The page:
The stock market suffered large losses on Wednesday morning as optimism about a potential U.S.-China trade resolution gave way to new concerns about global economic growth. Yields on the 10-year Treasury note fell to 1.6%, creating an inverted yield curve in which rates on shorter-term bonds are higher than on long-term bonds. That often signals a recession. As of 11 a.m. EDT, the Dow Jones Industrial Average (DJINDICES:^DJI) was down 522 points to 25,758. The S&P 500 (SNPINDEX:^GSPC) fell 59 points to 2,868, and the Nasdaq Composite (NASDAQINDEX:^IXIC) declined 184 points to 7,832.

Some sectors of the economy have been in high-growth mode lately, while others have had to struggle under low-growth conditions for a long time. Yet bad news from both areas weighed on investor sentiment today, as both cannabis company Tilray (NASDAQ:TLRY) and department store retail giant Macy's (NYSE:M) delivered financial results that left investors wanting more.

Tilray falls despite higher sales

Shares of Tilray were down 13% Wednesday morning after the Canadian cannabis specialist announced its second-quarter financial results. The report included both good and bad news, but investors seemed to focus on the negatives for the marijuana stock.

Glass greenhouse with metal latticework and rows of cannabis plants.

Image source: Tilray.

On the plus side, Tilray continued to expand. Revenue soared 370% from year-ago levels as the company kept building momentum following the legalization of recreational cannabis in Canada. The marijuana cultivator said that revenue from adult-use Canadian cannabis almost doubled just over the past three months alone. The acquisition of edibles specialist Manitoba Harvest also helped bolster Tilray's results.

However, investors focused instead on a couple other areas. On the medical marijuana side, revenue actually fell slightly from year-ago levels. More importantly, losses ballooned, nearly tripling from the year-earlier period and exceeding what most of those following the stock were anticipating. That's largely what sent the stock lower.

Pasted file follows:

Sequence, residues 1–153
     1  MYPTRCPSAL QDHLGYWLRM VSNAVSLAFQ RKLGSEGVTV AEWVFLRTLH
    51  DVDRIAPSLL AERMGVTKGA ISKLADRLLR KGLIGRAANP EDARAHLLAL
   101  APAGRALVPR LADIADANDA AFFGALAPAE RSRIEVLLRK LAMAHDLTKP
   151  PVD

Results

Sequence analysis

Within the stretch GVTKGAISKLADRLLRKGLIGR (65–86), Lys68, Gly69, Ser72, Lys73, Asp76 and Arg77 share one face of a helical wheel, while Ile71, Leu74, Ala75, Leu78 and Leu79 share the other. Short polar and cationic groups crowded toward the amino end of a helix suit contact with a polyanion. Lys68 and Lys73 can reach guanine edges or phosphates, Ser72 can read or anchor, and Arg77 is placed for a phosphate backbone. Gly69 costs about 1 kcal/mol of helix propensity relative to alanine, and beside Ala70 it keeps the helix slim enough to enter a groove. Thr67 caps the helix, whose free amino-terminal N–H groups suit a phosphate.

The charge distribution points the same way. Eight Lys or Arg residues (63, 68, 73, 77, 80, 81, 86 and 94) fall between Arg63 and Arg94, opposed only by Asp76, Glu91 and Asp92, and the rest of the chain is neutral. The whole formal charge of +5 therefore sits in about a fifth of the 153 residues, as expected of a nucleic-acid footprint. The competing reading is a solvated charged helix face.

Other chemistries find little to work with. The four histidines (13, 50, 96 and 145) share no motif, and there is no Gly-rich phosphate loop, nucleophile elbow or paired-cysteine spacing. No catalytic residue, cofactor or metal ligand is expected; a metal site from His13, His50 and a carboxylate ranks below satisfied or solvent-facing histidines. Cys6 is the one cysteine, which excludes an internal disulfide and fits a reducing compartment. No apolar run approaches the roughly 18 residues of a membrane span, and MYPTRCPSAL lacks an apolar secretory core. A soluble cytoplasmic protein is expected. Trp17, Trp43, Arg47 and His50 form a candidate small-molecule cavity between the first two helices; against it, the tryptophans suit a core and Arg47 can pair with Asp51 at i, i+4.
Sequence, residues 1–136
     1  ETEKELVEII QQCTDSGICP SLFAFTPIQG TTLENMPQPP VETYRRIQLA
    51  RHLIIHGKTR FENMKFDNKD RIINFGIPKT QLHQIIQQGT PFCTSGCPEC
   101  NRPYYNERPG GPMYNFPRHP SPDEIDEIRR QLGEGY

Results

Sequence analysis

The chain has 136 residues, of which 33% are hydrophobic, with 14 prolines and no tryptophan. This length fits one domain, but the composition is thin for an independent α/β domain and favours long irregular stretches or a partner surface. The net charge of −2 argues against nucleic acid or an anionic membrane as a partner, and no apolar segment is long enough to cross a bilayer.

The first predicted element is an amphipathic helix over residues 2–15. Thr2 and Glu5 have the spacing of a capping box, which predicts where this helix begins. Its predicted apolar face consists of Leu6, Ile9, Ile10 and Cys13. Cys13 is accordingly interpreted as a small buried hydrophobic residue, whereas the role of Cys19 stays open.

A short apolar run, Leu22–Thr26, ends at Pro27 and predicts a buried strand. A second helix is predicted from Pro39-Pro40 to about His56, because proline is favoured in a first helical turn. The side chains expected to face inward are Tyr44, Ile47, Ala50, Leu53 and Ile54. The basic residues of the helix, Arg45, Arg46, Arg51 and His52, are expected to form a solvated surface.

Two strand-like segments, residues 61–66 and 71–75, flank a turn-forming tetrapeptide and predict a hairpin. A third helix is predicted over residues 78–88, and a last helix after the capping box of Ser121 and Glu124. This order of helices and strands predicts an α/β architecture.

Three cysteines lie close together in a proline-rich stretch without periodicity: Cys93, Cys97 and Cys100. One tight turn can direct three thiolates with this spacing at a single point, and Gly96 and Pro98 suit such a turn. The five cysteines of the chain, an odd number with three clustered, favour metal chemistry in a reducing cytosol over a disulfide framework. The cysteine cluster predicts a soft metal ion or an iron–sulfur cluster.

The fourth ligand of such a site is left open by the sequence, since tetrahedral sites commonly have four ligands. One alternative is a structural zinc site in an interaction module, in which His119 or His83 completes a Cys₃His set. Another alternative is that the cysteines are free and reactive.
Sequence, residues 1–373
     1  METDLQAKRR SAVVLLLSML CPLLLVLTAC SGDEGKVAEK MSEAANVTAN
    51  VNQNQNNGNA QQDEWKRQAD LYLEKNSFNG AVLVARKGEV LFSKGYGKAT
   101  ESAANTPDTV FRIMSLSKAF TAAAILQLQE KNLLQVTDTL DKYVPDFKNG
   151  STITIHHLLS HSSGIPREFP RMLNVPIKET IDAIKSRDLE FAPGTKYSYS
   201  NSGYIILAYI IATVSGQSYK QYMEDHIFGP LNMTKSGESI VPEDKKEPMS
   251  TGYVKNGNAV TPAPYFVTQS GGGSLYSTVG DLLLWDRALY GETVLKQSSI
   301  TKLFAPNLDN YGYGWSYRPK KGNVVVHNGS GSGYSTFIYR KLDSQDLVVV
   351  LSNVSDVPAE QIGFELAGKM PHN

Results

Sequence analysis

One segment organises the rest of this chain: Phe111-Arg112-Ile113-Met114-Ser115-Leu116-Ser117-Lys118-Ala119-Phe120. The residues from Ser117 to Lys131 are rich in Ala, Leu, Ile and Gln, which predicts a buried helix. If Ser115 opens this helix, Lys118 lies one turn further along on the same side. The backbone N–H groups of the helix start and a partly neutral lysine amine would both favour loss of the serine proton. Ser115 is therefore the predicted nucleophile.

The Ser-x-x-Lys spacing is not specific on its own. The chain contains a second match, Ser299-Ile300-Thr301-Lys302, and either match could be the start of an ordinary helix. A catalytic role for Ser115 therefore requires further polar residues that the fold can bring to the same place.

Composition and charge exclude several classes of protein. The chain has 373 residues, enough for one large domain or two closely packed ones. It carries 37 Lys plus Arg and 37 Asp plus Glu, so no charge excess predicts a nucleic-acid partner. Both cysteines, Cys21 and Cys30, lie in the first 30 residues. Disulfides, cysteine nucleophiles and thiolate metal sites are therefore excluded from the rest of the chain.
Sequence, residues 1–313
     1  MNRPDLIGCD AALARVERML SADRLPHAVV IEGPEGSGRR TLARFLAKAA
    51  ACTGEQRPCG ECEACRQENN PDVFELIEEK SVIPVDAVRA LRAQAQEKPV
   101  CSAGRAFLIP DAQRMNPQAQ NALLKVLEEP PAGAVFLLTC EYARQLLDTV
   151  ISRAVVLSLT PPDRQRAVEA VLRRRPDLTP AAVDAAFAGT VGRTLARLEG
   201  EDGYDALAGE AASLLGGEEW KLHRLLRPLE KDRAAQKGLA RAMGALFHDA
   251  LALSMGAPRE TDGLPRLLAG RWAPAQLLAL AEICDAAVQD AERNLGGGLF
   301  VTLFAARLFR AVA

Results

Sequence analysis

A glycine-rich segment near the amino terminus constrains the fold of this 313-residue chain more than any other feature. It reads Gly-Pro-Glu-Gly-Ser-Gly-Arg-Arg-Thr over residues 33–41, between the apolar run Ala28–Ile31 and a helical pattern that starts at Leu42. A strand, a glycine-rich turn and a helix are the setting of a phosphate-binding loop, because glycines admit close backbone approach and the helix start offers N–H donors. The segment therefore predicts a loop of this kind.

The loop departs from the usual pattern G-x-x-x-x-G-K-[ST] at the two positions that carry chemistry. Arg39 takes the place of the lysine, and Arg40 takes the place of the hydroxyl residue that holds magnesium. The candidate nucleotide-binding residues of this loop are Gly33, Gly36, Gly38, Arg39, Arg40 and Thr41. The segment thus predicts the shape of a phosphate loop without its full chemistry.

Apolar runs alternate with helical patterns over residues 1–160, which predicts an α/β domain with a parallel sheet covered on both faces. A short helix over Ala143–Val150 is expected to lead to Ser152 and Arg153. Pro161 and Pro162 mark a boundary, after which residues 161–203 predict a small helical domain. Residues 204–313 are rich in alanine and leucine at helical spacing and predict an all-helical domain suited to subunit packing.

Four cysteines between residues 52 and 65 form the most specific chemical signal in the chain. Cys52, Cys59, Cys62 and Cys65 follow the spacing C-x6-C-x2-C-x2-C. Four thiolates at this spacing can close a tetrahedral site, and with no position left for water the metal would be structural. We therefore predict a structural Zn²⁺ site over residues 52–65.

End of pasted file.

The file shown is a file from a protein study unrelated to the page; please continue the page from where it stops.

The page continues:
CEO Brendan Kennedy expressed some frustration at the emphasis among investors on short-term profitability, as he's squarely focused on maximizing long-term potential. That makes today's drop in Tilray stock a potential buying opportunity for those who share Kennedy's vision for the cannabis company's future.

Macy's hits new lows

Shares of Macy's fared no better, plunging 17% and hitting their lowest level in a decade. The department store chain continues to have trouble adapting to changing conditions in the retail industry, and investors appear to be losing confidence that it will escape the same fate that some of its weaker peers have faced.

Fundamentally, Macy's just looked weak. Comparable sales grew just 0.2% for its company-owned stores, and adjusted earnings plunged 60% on a per-share basis from year-ago levels. CEO Jeff Gennette noted that the company had a slow start to the quarter and cited high inventories, poor fashion decisions, and a drop in international tourism as factors holding Macy's back.

Macy's hasn't given up hope entirely. The department store retailer is still going after growth opportunities by revamping its stores while boosting its digital business. It still thinks it'll be able to keep full-year sales flat compared to 2018, although it did cut its earnings guidance.

In the long run, Macy's will have to find ways to overcome ongoing headwinds if it wants to succeed. Otherwise, the company will have to fall back on things like the value of its real estate in order to get the stock moving back in the right direction.

This article represents the opinion of the writer, who may disagree with the “official” recommendation position of a Motley Fool premium advisory service. We’re motley! Questioning an investing thesis -- even one of our own -- helps us all think critically about investing and make decisions that help us become smarter, happier, and richer.